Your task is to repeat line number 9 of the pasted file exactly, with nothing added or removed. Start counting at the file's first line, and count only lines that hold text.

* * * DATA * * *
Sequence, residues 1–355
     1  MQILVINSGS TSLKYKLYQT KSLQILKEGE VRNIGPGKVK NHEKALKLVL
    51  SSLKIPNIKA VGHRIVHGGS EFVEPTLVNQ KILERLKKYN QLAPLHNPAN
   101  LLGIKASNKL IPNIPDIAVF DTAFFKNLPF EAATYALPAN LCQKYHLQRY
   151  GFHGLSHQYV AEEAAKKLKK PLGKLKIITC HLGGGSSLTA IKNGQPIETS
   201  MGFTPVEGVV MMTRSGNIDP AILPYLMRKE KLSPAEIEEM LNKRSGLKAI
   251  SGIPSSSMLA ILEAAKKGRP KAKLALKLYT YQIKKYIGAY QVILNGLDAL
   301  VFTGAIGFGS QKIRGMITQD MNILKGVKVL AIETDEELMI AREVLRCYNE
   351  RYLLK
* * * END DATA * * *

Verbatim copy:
   351  RYLLK